Dora Sigerson Shorter

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Dora Sigerson Shorter
Dora Sigerson.jpg
Born16 August 1866 Edit this on Wikidata
Dublin Edit this on Wikidata
Died6 January 1918 Edit this on Wikidata (aged 51)
OccupationPoet, sculptor Edit this on Wikidata
WorksThe Fairy Changeling and Other Poems Edit this on Wikidata
Spouse(s)Clement Shorter Edit this on Wikidata

Dora Maria Sigerson Shorter (16 August 1866 – 6 January 1918)[1] was an Irish poet and sculptor, who after her marriage in 1895 wrote under the name Dora Sigerson Shorter.


by John Lavery

She was born in Dublin, Ireland, the daughter of George Sigerson, a surgeon and writer, and Hester Varian, also a writer. She was the oldest of 4 children.[2] The family home at 3 Clare Street was a gathering-place for artists and writers where Dora met important figures of the emerging Irish literary revival. She attended the Dublin School of Art, where W.B. Yeats was a fellow-pupil.[3] She was a major figure of the Irish Literary Revival, publishing many collections of poetry from 1893. Her sister Hester Sigerson Piatt was also a writer. Her friends included Katharine Tynan, Rose Kavanagh and Alice Furlong, writers and poets.[4]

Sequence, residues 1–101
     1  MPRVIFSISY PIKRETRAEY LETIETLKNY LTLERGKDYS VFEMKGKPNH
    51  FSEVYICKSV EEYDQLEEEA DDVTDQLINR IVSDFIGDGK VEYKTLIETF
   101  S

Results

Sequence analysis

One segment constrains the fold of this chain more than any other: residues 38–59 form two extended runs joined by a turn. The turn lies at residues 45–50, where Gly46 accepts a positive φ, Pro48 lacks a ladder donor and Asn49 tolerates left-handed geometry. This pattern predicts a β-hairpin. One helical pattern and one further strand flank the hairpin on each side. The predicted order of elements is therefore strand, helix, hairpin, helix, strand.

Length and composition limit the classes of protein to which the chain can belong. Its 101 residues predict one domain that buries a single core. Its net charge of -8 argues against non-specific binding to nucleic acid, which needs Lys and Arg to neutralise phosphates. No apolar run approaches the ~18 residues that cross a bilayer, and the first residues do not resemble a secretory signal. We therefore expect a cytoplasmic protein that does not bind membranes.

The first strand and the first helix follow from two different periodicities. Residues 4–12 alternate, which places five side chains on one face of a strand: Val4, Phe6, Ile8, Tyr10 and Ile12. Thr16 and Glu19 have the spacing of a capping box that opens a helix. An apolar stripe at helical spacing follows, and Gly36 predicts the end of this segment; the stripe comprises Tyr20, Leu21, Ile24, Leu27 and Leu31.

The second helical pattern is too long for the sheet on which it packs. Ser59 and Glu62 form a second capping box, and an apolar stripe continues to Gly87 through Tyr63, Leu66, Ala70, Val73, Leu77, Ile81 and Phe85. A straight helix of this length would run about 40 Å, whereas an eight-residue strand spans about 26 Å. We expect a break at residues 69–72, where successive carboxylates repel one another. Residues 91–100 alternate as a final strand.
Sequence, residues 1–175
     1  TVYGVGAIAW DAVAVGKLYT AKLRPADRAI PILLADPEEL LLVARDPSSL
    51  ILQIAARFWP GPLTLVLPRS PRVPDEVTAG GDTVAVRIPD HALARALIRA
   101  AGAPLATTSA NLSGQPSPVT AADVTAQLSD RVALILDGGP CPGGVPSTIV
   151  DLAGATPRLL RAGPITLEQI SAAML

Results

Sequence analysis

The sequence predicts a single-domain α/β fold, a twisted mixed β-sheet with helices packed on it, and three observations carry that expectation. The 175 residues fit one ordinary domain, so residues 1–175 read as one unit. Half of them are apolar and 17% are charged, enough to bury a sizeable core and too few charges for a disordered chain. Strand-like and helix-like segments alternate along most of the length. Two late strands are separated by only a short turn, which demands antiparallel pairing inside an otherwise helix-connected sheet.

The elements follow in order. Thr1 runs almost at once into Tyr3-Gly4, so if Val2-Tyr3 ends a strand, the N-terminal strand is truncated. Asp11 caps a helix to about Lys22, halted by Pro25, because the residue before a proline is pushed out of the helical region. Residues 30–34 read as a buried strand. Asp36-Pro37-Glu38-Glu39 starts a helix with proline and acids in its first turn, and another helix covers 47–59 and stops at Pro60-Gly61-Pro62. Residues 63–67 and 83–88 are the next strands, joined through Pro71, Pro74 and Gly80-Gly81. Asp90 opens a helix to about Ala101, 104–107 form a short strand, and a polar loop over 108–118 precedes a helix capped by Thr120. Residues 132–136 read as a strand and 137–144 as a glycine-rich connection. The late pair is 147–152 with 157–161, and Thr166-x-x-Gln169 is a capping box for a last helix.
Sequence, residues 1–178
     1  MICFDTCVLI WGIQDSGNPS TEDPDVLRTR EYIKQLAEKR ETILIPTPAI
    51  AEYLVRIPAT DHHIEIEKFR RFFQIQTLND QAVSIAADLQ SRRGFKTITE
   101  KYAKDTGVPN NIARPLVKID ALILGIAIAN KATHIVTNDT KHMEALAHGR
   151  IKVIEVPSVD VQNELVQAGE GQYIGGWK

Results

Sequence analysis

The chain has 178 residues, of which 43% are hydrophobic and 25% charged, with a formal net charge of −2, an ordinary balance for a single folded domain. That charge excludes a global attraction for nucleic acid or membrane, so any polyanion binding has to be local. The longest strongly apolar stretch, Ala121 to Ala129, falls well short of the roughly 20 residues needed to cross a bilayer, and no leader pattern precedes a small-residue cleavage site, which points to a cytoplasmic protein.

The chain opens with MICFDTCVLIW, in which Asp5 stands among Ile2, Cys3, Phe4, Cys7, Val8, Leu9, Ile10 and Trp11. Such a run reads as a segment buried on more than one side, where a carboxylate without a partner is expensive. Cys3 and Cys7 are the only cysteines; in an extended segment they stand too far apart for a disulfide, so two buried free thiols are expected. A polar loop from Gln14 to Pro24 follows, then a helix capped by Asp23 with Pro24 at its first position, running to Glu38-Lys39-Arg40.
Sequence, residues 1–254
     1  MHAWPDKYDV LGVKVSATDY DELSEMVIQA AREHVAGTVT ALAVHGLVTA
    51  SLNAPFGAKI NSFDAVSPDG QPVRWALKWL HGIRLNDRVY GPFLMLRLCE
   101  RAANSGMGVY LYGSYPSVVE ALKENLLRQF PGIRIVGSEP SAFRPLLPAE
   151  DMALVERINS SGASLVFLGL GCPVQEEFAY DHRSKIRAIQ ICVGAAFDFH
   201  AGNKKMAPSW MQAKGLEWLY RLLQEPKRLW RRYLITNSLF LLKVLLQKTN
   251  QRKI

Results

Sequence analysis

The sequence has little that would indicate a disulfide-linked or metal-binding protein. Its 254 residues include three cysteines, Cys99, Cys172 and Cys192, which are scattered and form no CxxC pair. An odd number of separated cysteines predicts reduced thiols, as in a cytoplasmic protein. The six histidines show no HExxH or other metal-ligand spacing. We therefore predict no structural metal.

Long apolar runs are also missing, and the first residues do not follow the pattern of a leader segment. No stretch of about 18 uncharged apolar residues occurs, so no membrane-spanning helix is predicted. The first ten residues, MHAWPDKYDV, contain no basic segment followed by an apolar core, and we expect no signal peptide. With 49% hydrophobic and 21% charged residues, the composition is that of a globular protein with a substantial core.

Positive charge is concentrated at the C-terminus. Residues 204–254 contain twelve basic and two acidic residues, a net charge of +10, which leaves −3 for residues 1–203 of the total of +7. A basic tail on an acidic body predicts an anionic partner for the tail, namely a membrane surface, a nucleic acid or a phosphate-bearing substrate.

In 1895 she married Clement King Shorter, an English journalist and literary critic. They lived together in London, until her death at age 51 from undisclosed causes.[5] Her friend Katharine Tynan wrote in a biographical sketch that she supposedly ‘died of a broken heart’ after the 1916 executions. [6]

Select works[edit]


  1. ^ "Dora Sigerson Shorter". All Poetry. Retrieved 24 October 2014.
  2. ^ "Dora Sigerson Shorter". Retrieved 2018-12-04.
  3. ^ "The Home 'Place' : Center and Periphery in Irish House and Family Systems", House Life : Space, Place and Family in Europe, Bloomsbury Academic, 1999, doi:10.5040/, ISBN 9781474214919
  4. ^ Curran, C.P. (1970). Under the Receding Wave. Dublin: Gill and MacMillan. ISBN 978-0-7171-0276-1.
  5. ^ Shorter, Aylward (2003). The Shorter Family. Bowie, MD: Heritage Books. ISBN 978-0-7884-2293-5.
  6. ^ "Dora Sigerson Shorter". Retrieved 2018-12-04.

External links[edit]